With or without help from Santa, many of the presents that end up under Lower 48 Christmas trees will pass through Alaska.
The sub-Arctic beehive of gift activity is centered at the Anchorage airport, where some of the world's biggest air cargo carriers touch down to refuel.
One of those carriers -- FedEx -- said that Monday was the largest shipping day in company history, due in part to increased Internet purchases and the recovering U.S. economy. On Monday alone, FedEx predicted it would ship 16 million packages.
Year-round, hundreds of FedEx Express workers in Anchorage sort by hand the huge volume of goods that FedEx ships to the Lower 48 from Asia -- cardboard boxes filled with anything from laptops to children's toys.
Several of the international air cargo carriers, which mainly stop in Anchorage to get fuel before getting back in the air, also have package sorting centers at the airport. One of them, FedEx competitor UPS, has more than 1,000 Alaska employees and trains many of its pilots in Anchorage.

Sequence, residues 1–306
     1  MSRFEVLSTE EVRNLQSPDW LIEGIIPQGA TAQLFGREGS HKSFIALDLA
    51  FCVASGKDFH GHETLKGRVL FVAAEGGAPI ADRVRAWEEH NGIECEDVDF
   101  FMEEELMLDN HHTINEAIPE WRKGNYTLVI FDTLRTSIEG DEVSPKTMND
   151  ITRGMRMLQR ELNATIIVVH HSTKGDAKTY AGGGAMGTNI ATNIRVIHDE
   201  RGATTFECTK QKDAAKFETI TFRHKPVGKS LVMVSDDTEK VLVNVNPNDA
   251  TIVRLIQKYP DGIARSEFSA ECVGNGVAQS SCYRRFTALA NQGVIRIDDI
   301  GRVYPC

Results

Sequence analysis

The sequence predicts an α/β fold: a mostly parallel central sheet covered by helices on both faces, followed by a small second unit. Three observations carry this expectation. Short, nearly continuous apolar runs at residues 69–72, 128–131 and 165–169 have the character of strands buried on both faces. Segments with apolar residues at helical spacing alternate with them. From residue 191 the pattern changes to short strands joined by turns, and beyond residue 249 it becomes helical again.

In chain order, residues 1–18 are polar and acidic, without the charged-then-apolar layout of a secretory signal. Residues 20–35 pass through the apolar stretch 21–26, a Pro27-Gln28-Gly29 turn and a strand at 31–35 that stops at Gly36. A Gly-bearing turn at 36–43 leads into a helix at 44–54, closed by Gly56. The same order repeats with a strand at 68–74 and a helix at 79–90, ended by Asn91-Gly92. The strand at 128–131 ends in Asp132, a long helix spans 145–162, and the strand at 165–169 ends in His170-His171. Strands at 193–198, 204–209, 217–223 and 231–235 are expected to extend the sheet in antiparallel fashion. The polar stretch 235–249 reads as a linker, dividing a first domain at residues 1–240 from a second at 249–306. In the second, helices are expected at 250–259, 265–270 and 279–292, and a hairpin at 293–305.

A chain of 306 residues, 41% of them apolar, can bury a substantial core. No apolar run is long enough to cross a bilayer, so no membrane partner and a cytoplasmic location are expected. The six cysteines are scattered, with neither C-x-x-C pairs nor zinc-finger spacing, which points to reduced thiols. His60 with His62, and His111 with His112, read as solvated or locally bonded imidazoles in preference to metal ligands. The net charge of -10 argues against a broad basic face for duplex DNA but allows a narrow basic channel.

On a normal day, about 60,000 packages pass through the FedEx sorting center, a giant warehouse on the north side of the international airport. FedEx jets arriving from China, South Korea and Japan unload shipping containers that are trucked into the sorting center. The boxes inside the containers are pulled out, put on conveyor belts, sorted and reloaded into containers that leave Anchorage on FedEx jets departing for Memphis, Indianapolis, Newark, Fort Worth and Oakland.
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